Supporting Evidence

Course(s) Used:

  • Public Speaking

Goals and Objectives:

  • Students understand how evidence supports other evidence in tiers.
  • Students understand the types of evidence.
  • Students understand where to find evidence to support their claims.
  • Students understand the importance of using diverse forms of evidence.
  • Students know how to cite their evidence in presentations.

Rationale: All presentations are built around a series of claims that are supported by evidence. Presentation with well supported claims that are addressed by several diverse forms of evidence are significantly more effective.

Materials Needed

Materials:

  • None

Technology:

  • Classroom computer and projector, personal devices

Outline of the Lesson

  1. Review of previous session’s content
  2. Lesson opening
  3. Claims require evidence. This evidence may also require evidence of its own
  4. Supporting your claims1
    1. Types of Evidence
      1. Empirical Evidence can be independently verified
      2. Testimonial Evidence depends on the judgment of experts
      3. Anecdotal Evidence depends on personal experiences
      4. Analogical Evidence shows how something unfamiliar is similar to something familiar
    2. Forms of evidence
      1. Numbers: Statistics, Data, Charts, and Graphs
      2. People’s Words: Quotations, Paraphrases, and Summaries
      3. Things: Artifacts, Examples, Photographs, and Illustrations
      4. Stories: Narrative, Personal Experiences
  5. Getting evidence2
    1. Creating evidence
      1. Experiments
      2. Observations
      3. Interviews
      4. Surveys
      5. Personal experience
    2. Finding evidence in credible print, media, and electronic sources
      1. Finding evidence means that what you find supports your claims, not finding a source that is making the same argument as you. Your sources don’t have to be on the same subject as your presentation.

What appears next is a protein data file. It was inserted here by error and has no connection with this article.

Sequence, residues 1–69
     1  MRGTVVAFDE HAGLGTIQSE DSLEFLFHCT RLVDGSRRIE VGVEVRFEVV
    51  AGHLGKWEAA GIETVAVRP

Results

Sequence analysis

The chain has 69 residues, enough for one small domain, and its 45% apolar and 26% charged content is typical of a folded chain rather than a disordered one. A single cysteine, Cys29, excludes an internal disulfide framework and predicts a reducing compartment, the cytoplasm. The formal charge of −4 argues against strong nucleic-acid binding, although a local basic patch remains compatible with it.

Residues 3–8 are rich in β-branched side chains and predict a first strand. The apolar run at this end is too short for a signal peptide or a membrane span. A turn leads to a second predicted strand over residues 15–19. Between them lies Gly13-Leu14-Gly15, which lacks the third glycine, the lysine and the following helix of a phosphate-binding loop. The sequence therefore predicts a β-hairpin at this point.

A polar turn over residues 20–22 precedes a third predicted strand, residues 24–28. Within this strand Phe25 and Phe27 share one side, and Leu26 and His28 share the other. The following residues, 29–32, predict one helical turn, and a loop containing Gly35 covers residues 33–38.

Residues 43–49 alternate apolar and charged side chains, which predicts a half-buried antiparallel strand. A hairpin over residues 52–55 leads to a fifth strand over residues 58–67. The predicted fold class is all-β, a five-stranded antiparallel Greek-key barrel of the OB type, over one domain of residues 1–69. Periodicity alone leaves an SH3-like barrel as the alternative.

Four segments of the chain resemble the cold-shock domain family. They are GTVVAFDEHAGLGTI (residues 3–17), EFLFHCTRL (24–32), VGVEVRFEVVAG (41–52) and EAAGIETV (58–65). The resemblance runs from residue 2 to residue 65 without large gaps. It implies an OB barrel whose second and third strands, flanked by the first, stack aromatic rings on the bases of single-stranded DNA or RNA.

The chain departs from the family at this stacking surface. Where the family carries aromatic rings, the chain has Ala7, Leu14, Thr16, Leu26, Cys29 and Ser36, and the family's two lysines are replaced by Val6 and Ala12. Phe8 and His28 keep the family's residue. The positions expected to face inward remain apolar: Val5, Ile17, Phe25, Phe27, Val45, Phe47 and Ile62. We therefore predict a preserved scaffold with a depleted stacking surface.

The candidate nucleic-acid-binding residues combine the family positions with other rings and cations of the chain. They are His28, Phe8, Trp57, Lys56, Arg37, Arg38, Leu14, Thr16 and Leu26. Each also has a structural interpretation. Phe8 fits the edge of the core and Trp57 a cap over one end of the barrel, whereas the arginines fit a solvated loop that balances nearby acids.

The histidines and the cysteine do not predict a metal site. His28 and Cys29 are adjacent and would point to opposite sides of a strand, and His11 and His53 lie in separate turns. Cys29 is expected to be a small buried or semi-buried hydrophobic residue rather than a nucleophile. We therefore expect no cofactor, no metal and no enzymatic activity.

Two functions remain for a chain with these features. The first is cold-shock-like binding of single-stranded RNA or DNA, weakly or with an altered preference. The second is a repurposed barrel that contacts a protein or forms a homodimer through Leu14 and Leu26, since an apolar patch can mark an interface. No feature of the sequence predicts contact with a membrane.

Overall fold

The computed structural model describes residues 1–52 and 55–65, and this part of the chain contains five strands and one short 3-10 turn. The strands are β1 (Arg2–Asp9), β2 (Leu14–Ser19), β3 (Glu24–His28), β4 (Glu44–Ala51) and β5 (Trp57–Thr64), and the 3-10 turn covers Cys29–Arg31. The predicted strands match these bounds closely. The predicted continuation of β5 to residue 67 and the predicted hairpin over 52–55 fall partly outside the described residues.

2. Types of Sources
        1. Scholarly Sources are produced by academics and researchers. Nearly always have a bibliography.
        2. Professional Sources are produced by experts in their own trades.
        3. Popular Sources are produced for a general audience.
        4. Social Sources include Twitter and blog posts.
        5. Avoid Biased Sources
      3. Google Search Tools3
        1. Advanced Search
        2. Google News
        3. Google Scholar
      4. The Library
        1. Holdings
        2. Inter-library Loans
        3. Databases
    3. Slow Down!
      1. Wikipedia
      2. Online versions of print sources
  6. Citing your sources
    1. Citations in outlines and on presentation aids
      1. In-text and full citations
      2. Citation Styles: APA, MLA, Chicago/Turabian
      3. The OWL at Purdue4
    2. Oral citations
      1. Initial citition
        1. Author’s name
        2. The author’s credibility (Who is this person? Why are they qualified on this subject?)
        3. The type of source (Editorial, News Article, Book, TV Show, etc.)
        4. Title of the piece (Article title, Book title, Episode title, etc.)
        5. Title of what it is in (Title of Newspaper, Webpage, etc.)
        6. The date that it was published
        7. Every direct quotation should include a page number (or equivalent information)
      2. Re-visited citations, just make it clear
  7. Hands-on group work
    1. Read a news story online (10 minutes)
      1. Identify the types of evidence used
    2. Discuss with your group (5 minutes)
      1. Which forms of evidence were used?
      2. Which types of evidence were missing?
      3. Did the author diversify their evidence?
      4. What evidence should they add (and how can they find it)?
    3. Debrief the activity
  8. Lesson closing

Limitations

This lesson requires student access to online resources and personal devices.

Variations and Accommodations

Follow guidance from local accommodation authorities. Students for whom technology usage will present an unreasonable burden may be accommodated on an individual basis. Students may be placed in groups strategically if needed.


  1. Bottom Line: DIVERSIFY YOUR EVIDENCE. ^
  2. Bottom Line: DIVERSIFY YOUR SOURCES. ^
  3. If all of your sources are webpages, you did it wrong. ^
  4. https://owl.english.purdue.edu/ ^
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